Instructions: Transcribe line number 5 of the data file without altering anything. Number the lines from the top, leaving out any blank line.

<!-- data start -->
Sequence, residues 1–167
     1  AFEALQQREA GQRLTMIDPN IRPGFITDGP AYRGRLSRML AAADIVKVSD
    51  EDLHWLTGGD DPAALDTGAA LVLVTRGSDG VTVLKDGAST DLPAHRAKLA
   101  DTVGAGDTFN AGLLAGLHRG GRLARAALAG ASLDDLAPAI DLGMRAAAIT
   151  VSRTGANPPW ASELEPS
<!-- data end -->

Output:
   151  VSRTGANPPW ASELEPS